4. To unmold the cheesecake, removed the sides of the pan. Slide a thin metal spatula between the crust and the bottom of the pan to loosen, then slide the cake onto a serving plate. Let the cheesecake stand at room temperature about 30 minutes, then cut into wedges and serve. (Use a long, thin, sharp knife that has been run under hot water and then dried for slicing. Wipe the blade clean and rewarm between slices.)

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Tall and Creamy Cheesecake
(from Dorie Greenspan’s Baking: From my Home to Yours)

I prefer using sour cream instead of heavy cream.

Makes 16 servings

For the crust:
1¾ cups graham cracker crumbs
3 tablespoons sugar
pinch of salt
½ stick (4 tablespoons) unsalted butter, melted

For the cheesecake:
2 pounds (four 8-ounce boxes) cream cheese, at room temperature
1⅓ cups (9.67 ounces) sugar
½ teaspoon salt
2 teaspoons pure vanilla extract
4 large eggs, at room temperature
1⅓ cups sour cream or heavy cream, or a combination of the two

To make the crust:
Butter a 9-inch springform pan—choose one that has sides that are 2 ¾ inches high (if the sides are lower, you will have cheesecake batter leftover) — and wrap the bottom of the pan in a double layer of aluminum foil; put the pan on a baking sheet.

Stir the crumbs, sugar and salt together in a medium bowl. Pour over the melted butter and stir until all of the dry ingredients are uniformly moist. (I do this with my fingers.) Turn the ingredients into the buttered springform pan and use your fingers to pat an even layer of crumbs along the bottom of the pan and about halfway up the sides. Don’t worry if the sides are not perfectly even or if the crumbs reach above or below the midway mark on the sides—this doesn’t have to be a precision job. Put the pan in the freezer while you preheat the oven.

Center a rack in the oven, preheat the oven to 350°F and place the springform on a baking sheet. Bake for 10 minutes. Set the crust aside to cool on a rack while you make the cheesecake.

Reduce the oven temperature to 325°F.

To make the cheesecake:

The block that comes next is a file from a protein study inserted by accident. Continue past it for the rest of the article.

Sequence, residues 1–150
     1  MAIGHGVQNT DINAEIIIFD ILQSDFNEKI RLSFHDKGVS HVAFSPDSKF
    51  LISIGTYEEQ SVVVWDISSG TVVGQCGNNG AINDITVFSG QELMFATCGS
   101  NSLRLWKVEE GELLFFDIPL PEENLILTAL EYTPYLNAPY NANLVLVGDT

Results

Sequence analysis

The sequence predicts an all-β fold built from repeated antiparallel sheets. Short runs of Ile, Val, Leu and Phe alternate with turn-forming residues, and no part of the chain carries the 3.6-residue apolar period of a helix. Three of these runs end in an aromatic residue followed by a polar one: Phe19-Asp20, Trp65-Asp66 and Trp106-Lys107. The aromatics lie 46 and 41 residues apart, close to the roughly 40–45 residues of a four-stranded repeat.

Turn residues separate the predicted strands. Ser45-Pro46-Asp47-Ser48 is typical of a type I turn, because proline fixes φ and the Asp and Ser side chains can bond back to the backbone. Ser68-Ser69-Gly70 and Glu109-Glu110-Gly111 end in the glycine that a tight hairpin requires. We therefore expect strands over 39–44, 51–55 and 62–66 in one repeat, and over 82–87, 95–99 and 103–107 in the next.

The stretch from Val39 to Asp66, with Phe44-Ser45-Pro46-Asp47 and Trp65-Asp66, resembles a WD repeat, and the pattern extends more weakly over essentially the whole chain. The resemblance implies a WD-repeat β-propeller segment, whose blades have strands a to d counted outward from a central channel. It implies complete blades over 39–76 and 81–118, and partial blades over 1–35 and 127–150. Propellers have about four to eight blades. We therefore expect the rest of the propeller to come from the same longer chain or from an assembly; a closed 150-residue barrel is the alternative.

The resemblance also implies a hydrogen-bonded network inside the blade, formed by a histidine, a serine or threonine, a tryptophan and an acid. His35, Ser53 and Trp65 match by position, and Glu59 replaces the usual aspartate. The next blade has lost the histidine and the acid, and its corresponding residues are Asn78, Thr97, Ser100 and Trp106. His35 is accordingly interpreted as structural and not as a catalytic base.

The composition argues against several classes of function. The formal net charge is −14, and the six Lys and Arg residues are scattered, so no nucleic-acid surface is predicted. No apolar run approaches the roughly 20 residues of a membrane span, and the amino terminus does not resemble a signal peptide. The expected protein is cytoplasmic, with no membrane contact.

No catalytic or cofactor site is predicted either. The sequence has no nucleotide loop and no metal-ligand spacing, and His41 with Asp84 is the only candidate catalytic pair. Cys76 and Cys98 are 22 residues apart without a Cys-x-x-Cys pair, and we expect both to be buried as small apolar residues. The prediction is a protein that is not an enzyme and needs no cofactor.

Put a kettle of water on to boil.

Working in a stand mixer, preferably fitted with a paddle attachment, or with a hand mixer in a large bowl, beat the cream cheese at medium speed until it is soft and lives up to the creamy part of its name, about 4 minutes. With the mixer running, add the sugar and salt and continue to beat another 4 minutes or so, until the cream cheese is light. Beat in the vanilla. Add the eggs one by one, beating for a full minute after each addition—you want a well-aerated batter. Reduce the mixer speed to low and stir in the sour cream and/or heavy cream.

Put the foil-wrapped springform pan in the roaster pan.

Give the batter a few stirs with a rubber spatula, just to make sure that nothing has been left unmixed at the bottom of the bowl, and scrape the batter into the springform pan. The batter will reach the brim of the pan. (If you have a pan with lower sides and have leftover batter, you can bake the batter in a buttered ramekin or small soufflé mold.) Put the roasting pan in the oven and pour enough boiling water into the roaster to come halfway up the sides of the springform pan.

Bake the cheesecake for 1 hour and 30 minutes, at which point the top will be browned (and perhaps cracked) and may have risen just a little above the rim of the pan. Turn off the oven’s heat and prop the oven door open with a wooden spoon. Allow the cheesecake to luxuriate in its water bath for another hour.

After 1 hour, carefully pull the setup out of the oven, lift the springform pan out of the roaster—be careful, there may be some hot water in the aluminum foil—remove the foil. Let the cheesecake come to room temperature on a cooling rack.

When the cake is cool, cover the top lightly and chill the cake for at least 4 hours, although overnight would be better.

Remove the sides of the springform pan— I use a hairdryer to do this (use the dryer to warm the sides of the pan and ever so slightly melt the edges of the cake)—and set the cake, still on the pan’s base, on a serving platter. The easiest way to cut cheesecake is to use a long, thin knife that has been run under hot water and lightly wiped. Keep warming the knife as you cut slices of the cake.

Wrapped well, the cake will keep for up to 1 week in the refrigerator or for up to 2 months in the freezer. It’s best to defrost the still-wrapped cheesecake overnight in the refrigerator.